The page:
The story follows Zelda from the day she first met Scott until her death, and the life they led was pretty exciting and event-filled, so on reflection a lot has been squeezed into these 350 or so pages, but it never felt rushed or crammed at all. Fowler has somehow given Zelda space to reflect and reminisce rather than just telling her story event by event, and by doing this the character comes truly alive.

“Before Scott’s success, before people everywhere had been ravaged by war and flu, there’d been little glamour in the literary world. To be a writer then was to be a drab little mole who thought big thoughts and methodically committed them to paper…With this group, though…and the postwar push for life, for fun, for all the things Scott and I were seeking and embodying, the literary world put its foot into the circle of the entertainment world’s spotlight.”

First of all, this is a story about true love. Although their marriage was far from perfect (in fact, arguably they were destructive for each other), Scott and Zelda were unusual among the circles they moved in, in that they were indisputably the love of each other’s life. This is backed up by the fact that, though this is a book in Zelda’s voice and very clearly on Zelda’s side, so that at times Scott is the bad guy, for the most part he is also a warm, relatable character, albeit one with a long long list of flaws! But then the portrait of Zelda acknowledges her flaws too. Until her health problems slowed her down, her drinking and partying was as out of control as Scott’s. They both struggled psychologically with feelings of inadequacy and failure – though for Scott this alternated with him being convinced he was a genius.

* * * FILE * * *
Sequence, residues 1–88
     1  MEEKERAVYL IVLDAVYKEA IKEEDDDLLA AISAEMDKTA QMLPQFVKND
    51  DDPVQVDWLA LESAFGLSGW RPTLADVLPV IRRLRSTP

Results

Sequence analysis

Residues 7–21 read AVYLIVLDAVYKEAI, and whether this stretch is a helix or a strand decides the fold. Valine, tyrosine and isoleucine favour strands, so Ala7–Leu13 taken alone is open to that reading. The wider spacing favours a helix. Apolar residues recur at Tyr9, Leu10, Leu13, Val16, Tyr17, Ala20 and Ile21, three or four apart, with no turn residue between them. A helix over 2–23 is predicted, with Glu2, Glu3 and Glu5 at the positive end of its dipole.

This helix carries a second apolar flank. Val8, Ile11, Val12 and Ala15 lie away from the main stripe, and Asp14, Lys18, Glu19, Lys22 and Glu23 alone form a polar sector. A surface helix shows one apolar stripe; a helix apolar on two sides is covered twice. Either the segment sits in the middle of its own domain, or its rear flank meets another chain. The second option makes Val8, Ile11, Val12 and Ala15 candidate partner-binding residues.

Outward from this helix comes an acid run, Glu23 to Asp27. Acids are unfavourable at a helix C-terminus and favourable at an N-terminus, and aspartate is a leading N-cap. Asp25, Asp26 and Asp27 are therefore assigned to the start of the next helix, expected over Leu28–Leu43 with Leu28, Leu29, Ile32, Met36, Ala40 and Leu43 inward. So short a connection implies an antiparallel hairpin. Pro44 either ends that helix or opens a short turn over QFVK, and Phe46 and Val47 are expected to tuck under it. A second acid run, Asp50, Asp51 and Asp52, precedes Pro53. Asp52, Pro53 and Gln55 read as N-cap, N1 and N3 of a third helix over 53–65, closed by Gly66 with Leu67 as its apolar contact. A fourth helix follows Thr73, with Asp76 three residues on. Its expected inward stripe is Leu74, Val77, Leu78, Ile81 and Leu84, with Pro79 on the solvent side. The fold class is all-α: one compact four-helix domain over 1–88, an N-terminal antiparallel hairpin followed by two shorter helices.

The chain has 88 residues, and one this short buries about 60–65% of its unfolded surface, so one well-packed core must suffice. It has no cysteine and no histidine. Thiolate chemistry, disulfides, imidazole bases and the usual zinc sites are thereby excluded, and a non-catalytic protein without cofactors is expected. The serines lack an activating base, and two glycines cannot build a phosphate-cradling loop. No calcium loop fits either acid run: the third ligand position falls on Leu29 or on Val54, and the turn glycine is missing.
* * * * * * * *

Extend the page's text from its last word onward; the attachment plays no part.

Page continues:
As those who know Zelda’s story will already be aware, it is psychological problems that give her and Scott an air of tragedy. She clearly suffered with mental health issues, but, from this novel at least, it seems that perfectly manageable issues were blown up into huge problems by a combination of stigma, prejudice, misdiagnosis and outdated treatments. Add to this Scott’s alcoholism and the intense jealousy that both felt, and you have a situation that was never going to end well.

“There’s a word for people who move from place to place, never seeming to be able to settle down for long: peripatetic. And there’s a word for people who can’t seem to stay out of trouble—well, there are a lot of words for such types…Every sort of trouble I can think of, we’ve tried it out—become expert at some of it, even, so much so that I’ve come to wonder whether artists in particular seek out hard times the way flowers turn their faces toward the sun.”

But for a while there, Scott and Zelda were on top of the world. They were very young when fame hit – they married when Zelda was 20 and Scott 23, and were hitting the headlines and gossip columns pretty much immediately. Fowler does a good job of showing the glamorous, romantic side of fame and the jazz age while acknowledging that Scott and Zelda were never truly as happy or carefree as they seemed to the outside world. She also acknowledges the very many famous names the Fitzgeralds befriended, without it ever feeling like namedropping.

Certainly, I am pre-disposed to like stories about all those artists in Paris in the 1920s, but that’s actually quite a small part of the overall story. What really gripped me most of all was Zelda’s aspiration to be an artist herself, independent of Scott. She was a writer, painter and ballerina, and dearly wished to fully become one or all of those things, but Scott never properly gave her his support. Time and again he would stop her from doing something she loved either in the name of her health or in the name of being a wife and mother. Admittedly, this is Fowler’s interpretation of the situation, but to me it felt that Zelda was a woman born 50 years too soon. Of course there were women in the 1920s (and long before that) working as writers, artists and dancers, but they had to be willing to completely split from conventionality, and Zelda loved Scott too much to risk losing him by doing something he so thoroughly disproved of.